|IIIM Magazine Online, Volume 1, Number 29, September 13 to September 19, 1999|
Probably every one of us can think of people we have known who at one time professed faith in Jesus Christ for salvation, but later fell away and walked again with the unsaved world. Were these people saved and then lost? Were they saved and later became carnal (fleshy) Christians? Or were they professing Christians who never really possessed the person of Jesus Christ, those who showed initial spiritual zeal based on religious experience but then fell away, indicating that they were never truly Christians? Romans 6 has the answer to this problem.
Paul's basic thought in this section is that it is impossible for a truly saved person to be lost, but it is just as impossible for a truly saved man to live just as he pleases, habitually in sin. The key that unlocks the marvelous truths of Romans 6, especially verses 1-11, is union with Christ. At the moment a person trusts Christ, he is placed into spiritual union with Christ (a fact and not necessarily a feeling). He is then one with Christ, so that he is a partaker of Christ's death for sin and his resurrection unto life. Thus, the death and resurrection of Christ are not just historical events, but are shared by the Christian and so become personal. The two basic thoughts are: (1) the Christian died to sin through Christ's death, thus the power of indwelling sin is broken in the Christian; and (2) the Christian shares Christ's resurrected life, thus the Christian is a partaker of Christ's life which will manifest itself in a new kind of life for him.
In Romans 1:18–3:20 Paul proved all men to be sinners, separated from God, under God's wrath, and headed for eternal condemnation. Why? Because all men are sinners, and a holy God must judge sin. Man has no righteousness in himself that can commend him to God. He needs the forgiveness of sin and a righteousness that will give him an acceptable standing before God.
In Romans 3:21–5:21 Paul showed that God in his love has made a provision for men to find forgiveness of sin and a perfect righteousness. God has provided the death of Jesus Christ, a substitutionary atonement for the sins of men. All who believe that Christ died for their sins will receive the forgiveness of sin and a righteousness from Christ that will make them acceptable before God. All who believe will never again have to fear God's wrath unto eternal punishment, because Christ's death was a complete and perfect sacrifice for sin. Paul showed that the moment a person believes in Christ he is justified (declared righteous) and receives a perfect standing or position before God. He is declared righteous through Christ's work, not through his own fallen human effort.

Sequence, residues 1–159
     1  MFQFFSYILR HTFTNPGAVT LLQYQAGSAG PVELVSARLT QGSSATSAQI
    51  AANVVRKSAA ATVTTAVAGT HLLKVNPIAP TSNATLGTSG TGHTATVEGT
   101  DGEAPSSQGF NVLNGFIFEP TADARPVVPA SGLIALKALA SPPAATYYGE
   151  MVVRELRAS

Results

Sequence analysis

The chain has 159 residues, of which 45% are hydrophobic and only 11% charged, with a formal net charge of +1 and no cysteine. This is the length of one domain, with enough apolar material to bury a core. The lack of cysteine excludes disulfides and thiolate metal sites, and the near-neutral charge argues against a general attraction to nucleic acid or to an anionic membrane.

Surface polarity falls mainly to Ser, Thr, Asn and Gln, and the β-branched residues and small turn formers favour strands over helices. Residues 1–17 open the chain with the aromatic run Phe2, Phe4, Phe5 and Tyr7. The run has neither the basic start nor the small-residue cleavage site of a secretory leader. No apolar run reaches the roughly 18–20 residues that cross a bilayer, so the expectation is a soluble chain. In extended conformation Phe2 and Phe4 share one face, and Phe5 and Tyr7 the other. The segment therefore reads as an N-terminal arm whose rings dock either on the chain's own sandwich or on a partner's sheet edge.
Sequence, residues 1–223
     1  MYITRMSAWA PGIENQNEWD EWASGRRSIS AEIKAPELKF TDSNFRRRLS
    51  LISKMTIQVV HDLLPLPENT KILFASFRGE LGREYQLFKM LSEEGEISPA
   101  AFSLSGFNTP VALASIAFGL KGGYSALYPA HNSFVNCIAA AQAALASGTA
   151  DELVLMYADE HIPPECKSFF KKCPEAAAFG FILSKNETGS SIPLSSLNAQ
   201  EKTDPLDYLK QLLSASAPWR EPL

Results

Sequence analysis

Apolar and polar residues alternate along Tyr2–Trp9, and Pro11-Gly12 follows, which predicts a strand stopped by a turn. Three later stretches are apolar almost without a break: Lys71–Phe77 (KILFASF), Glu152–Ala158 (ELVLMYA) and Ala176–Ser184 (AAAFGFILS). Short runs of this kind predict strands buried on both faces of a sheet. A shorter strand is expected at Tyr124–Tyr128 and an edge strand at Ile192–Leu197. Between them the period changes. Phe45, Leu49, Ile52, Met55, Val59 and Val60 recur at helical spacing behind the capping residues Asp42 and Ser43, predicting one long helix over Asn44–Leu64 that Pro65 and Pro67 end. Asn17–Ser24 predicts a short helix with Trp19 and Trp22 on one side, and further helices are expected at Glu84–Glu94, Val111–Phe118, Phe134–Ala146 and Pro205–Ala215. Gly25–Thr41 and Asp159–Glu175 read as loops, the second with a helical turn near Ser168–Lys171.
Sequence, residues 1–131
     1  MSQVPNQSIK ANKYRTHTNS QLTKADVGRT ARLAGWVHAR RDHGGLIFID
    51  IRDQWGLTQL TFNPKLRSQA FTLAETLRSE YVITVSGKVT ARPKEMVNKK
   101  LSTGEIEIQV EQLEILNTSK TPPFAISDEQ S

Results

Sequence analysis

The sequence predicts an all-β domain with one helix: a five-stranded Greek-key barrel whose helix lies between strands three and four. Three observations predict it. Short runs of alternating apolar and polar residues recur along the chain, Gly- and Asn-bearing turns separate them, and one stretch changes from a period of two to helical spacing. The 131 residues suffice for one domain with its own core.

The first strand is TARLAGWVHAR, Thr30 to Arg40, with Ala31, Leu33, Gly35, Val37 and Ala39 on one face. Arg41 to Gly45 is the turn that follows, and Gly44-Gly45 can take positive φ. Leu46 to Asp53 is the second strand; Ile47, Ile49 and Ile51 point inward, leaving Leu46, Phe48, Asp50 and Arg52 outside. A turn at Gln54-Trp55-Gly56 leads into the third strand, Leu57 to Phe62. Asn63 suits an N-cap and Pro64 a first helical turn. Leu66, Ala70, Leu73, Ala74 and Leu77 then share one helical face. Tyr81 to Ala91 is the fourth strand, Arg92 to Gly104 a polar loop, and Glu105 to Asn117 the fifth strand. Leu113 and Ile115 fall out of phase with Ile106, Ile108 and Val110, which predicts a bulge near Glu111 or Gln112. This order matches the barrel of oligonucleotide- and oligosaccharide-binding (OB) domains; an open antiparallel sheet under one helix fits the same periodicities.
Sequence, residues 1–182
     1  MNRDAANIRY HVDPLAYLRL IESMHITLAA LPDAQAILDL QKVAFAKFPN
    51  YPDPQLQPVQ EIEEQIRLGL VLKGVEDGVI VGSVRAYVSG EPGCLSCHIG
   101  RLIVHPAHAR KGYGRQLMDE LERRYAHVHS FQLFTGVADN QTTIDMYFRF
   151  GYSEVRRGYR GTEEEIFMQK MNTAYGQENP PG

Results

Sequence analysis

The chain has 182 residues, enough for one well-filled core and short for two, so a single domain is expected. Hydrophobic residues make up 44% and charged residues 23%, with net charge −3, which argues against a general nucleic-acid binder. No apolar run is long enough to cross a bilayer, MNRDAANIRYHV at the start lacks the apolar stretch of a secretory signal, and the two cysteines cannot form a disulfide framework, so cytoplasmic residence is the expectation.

The basic theme of the first five chapters of Romans has been justification. In Romans 6 the subject is sanctification. This deals with the fact that God, through the death of Christ, is changing the Christian in his everyday experience to give him progressive victory over the power of sin in his life, and to conform him more and more to the person of Christ. Both justification and progressive sanctification flow from union with Christ.
Justification declares the sinner righteous.
Sanctification makes the sinner righteous.
Justification is a once-and-for-all act.
Sanctification is a continuous work.
Justification causes salvation.
Sanctification is the result of salvation.
Justification deals with the Christian's standing before God.
Sanctification deals with the Christian's experience in life.
Justification is objective.
Sanctification is subjective.
Justification removes the guilt and penalty of sin.
Sanctification removes the growth and power of sin.
Justification changes a person's position before God.
Sanctification changes a person's nature and character.
Justification, again, changes a person's position before God.
Sanctification changes a person's disposition in relation to God.
Justification deals with the imputation of righteousness.
Sanctification deals with the impartation of righteousness.
Justification is for the sinner.
Sanctification is in the saint.
Justification and sanctification are not the same, but they cannot be separated. Sanctification is a necessary step that proceeds from union with Christ. Thus, every person who is justified must experience some sanctification. Every person who has been delivered from the penalty of sin also must be delivered from the power of sin:
"Christ came to save us from our sins, not in our sins. Though men seek to pervert the gospel, the Christian must not be drawn aside to any position other than that which demands holiness and which leads to holiness." (Barnhouse, Romans, p. 10).
This chapter deals with progressive sanctification — how we can be made righteous in our experience. It shows us God's power for victorious living over our present sins. It deals with how the Christian can keep from sinning habitually in his everyday life. It shows us that the power to live righteous lives comes through union with Christ as the Christian appropriates this power through faith. God has broken the power of sin in the lives of all those who are in Christ so that they no longer have to obey sin as they did when they were unsaved.